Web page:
July 26

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What is a Recruitment CRM?


CRM stands for Candidate Relationship Management, but that doesn’t tell you much about what it actually does. If you’re a business, trying to hire, you need to know exactly what it is. And when you try to research, you usually only find sales pitches.

There are a lot of important functions for a CRM software that your business could use. Here’s a quick introduction to what a CRM does and why you need one.

What is it?

The main purpose of a CRM is to streamline and simplify the application process, both for applicants and for companies hiring. How exactly it does that depends on the specific software you decide to use, but there are a few consistent elements. You can find other insights from articles like this one: https://www.nytimes.com/guides/business/how-to-hire-the-right-person.

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Most CRMs include job posting, to start with. You can just plug in the requirements of your job and let the CRM automatically post to job boards with your information. The integration with job boards also usually includes pulling candidate information off of all the different places the job has been posted and putting them all together in one dashboard. If your CRM doesn’t automate job posting, it also might not automatically pick up and organize your candidates either, and that’s pretty much a deal breaker.

Many CRMs also feature “resume screening.” This means that they can scan the resumes of applicants and find out whether or not they match your job description. This is more difficult than it sounds, considering that people can use many words to describe the same skills. If you’re looking for someone organized, for example, their resume might list organization as a skill, or it might list time management.

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Some artificial intelligences are good at doing things like understanding language, but most CRMs don’t have that kind of processing power. Instead, they’re usually just programmed with a list of equivalent skills, not a tool to understand language. Understanding language is always very difficult for a computer.

CRMs almost always have the ability to track candidates. They can show where each applicant is in the process—whether they’ve just applied, whether an interview is scheduled, whether they’re on their first or third round of interviews, and when they’ve been rejected.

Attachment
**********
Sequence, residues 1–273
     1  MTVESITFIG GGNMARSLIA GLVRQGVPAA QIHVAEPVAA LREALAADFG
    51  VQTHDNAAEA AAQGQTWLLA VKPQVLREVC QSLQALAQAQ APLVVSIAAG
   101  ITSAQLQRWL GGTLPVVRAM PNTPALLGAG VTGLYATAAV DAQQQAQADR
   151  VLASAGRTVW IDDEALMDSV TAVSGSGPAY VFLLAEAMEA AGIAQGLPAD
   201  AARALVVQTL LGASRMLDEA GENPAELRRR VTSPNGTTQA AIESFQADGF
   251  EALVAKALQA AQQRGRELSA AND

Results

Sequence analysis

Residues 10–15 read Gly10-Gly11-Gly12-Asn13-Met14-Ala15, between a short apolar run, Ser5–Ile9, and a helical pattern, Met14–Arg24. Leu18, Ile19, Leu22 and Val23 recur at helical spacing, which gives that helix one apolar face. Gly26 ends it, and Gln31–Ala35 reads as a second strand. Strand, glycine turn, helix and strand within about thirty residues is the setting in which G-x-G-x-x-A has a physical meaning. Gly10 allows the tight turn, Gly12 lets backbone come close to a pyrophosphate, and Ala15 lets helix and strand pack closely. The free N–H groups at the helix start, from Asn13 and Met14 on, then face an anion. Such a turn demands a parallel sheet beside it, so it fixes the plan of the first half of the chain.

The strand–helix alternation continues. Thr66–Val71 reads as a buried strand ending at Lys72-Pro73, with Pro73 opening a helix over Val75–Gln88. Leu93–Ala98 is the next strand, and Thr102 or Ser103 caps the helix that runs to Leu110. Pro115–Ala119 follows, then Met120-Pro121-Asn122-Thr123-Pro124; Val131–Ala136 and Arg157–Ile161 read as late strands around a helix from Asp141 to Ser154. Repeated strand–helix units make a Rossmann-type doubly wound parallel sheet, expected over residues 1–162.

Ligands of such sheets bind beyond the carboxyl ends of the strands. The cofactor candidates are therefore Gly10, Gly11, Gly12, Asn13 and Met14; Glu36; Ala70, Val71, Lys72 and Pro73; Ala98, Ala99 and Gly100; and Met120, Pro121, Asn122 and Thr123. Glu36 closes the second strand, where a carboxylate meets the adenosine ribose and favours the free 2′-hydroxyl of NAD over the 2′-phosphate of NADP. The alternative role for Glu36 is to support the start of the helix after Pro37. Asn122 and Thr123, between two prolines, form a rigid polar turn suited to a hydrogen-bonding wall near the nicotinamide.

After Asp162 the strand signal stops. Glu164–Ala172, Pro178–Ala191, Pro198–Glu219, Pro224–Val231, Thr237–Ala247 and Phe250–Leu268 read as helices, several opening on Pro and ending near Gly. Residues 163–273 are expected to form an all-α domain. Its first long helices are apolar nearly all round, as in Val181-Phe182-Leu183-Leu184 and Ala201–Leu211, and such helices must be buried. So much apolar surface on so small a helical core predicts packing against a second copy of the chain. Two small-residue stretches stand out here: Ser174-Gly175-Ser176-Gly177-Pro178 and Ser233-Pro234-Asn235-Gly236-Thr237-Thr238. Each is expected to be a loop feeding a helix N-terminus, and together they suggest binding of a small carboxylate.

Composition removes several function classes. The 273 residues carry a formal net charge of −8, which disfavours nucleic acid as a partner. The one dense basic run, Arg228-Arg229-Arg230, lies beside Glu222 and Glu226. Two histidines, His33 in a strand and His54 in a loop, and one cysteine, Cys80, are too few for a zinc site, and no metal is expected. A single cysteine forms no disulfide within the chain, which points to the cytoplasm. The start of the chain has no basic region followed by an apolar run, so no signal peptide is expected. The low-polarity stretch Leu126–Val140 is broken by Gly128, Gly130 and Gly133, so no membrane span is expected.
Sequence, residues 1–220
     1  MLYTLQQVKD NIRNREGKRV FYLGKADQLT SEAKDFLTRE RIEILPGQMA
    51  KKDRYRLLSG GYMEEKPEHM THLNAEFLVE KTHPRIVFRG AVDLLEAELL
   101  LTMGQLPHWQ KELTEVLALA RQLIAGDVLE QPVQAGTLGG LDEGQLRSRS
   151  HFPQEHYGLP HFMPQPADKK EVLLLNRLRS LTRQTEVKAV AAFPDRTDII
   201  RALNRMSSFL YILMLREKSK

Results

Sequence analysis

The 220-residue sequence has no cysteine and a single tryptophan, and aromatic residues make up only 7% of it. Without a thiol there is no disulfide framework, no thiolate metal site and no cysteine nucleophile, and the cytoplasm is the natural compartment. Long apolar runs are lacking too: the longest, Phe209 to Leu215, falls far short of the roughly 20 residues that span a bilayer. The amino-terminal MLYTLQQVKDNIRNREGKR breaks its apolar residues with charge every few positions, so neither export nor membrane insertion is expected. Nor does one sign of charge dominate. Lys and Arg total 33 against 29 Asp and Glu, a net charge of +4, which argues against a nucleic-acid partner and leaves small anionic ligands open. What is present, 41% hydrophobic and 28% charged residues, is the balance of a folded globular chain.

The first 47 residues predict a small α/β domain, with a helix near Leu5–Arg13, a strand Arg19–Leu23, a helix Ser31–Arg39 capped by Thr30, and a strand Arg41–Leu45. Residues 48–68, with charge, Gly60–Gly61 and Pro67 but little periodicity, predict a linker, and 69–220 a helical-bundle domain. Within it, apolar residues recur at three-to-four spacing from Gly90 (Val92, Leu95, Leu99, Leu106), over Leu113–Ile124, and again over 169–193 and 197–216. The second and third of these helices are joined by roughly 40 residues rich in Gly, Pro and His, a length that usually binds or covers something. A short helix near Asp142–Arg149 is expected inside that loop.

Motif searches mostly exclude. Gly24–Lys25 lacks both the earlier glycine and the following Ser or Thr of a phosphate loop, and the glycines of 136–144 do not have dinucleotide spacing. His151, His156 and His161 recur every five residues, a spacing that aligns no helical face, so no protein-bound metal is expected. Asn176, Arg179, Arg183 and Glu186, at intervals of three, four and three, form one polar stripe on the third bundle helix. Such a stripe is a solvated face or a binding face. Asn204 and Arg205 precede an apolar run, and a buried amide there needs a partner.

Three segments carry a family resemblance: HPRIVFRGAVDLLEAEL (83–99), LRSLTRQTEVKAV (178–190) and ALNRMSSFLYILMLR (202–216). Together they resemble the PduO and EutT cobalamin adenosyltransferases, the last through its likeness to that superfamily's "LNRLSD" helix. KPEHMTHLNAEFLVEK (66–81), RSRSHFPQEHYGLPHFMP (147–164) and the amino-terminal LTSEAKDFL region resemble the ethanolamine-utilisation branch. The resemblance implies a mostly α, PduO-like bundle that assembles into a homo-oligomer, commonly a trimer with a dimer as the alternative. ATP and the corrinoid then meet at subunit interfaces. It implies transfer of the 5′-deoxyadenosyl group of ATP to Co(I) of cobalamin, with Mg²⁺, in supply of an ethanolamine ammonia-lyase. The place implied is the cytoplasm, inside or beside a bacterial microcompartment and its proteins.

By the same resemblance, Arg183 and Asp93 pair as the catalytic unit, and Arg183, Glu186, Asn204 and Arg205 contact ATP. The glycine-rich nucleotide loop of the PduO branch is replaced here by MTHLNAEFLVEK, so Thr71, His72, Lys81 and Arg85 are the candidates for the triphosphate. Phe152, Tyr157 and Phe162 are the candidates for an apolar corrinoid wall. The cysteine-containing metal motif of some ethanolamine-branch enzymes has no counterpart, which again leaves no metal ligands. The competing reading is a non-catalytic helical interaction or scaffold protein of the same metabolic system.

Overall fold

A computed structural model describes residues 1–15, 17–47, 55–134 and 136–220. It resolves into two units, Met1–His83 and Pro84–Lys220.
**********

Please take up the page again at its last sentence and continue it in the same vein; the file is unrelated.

Scheduling is also usually included. This is one of the most useful tools in a candidate relationship management software. Keeping your interview schedule all in one place, instead of spread out over email conversations with ten different candidates, is incredibly valuable.

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Why Do You Need a CRM?

If all of that description of what they do wasn’t enough to convince you, here’s a little more information about the advantages a CRM staffing software can offer you. And don’t forget that all of these things are even more important with the current labor shortage.

No more surfing job boards. Are you constantly updating your postings? Trying to coordinate candidates who applied by any of a host of different ways—your website, two job boards, the classified section of the newspaper? Do you regularly find yourself accidentally scheduling two interviews for the same time slot? A CRM will solve those problems.

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You’ll never have to reach out across different channels to get applicants into your system. You might have a system that sorts and organizes candidates that have applied, but a CRM will actively seek out candidates and encourage them to apply! That’s a huge advantage.

Do you have more than one person managing recruiting? If there’s only one person, they can probably get away with keeping track of everything in their head or in a personal spreadsheet, notebook, or whatever method works for them. If there are multiple people working together, though, you really need a smooth, well-functioning external system, or nothing will ever get done.

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How is a CRM Different From an ATS?

An ATS, or Applicant Tracking System, does a lot of useful tasks. It keeps track of applicants and their progress through the pipeline, their current status, and their interviews scheduled. Sometimes, an ATS is included in a CRM; here’s an example.

If they’re coupled, everything is great, but they’re often not. If you only have an ATS system, you’ll have to put in candidate information by hand, which will take a huge amount of your time. And you’ll only have resumes to go off of, which you’ll have to look at yourself; your system won’t be able to parse them automatically.

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If you only have a CRM without an ATS, on the other hand, you’ll easily be able to reach out and get applicants for each job, and pull out information on them, rankings for how well they fit based on your resume, and everything else, and put it anywhere you want—in a spreadsheet, another program, or just a list. But you can’t keep track of them easily and automatically afterward, through their interviews and either rejection or hiring.

You definitely need both of these types of software, preferably bundled into one, to save you tons of time and wasted effort.

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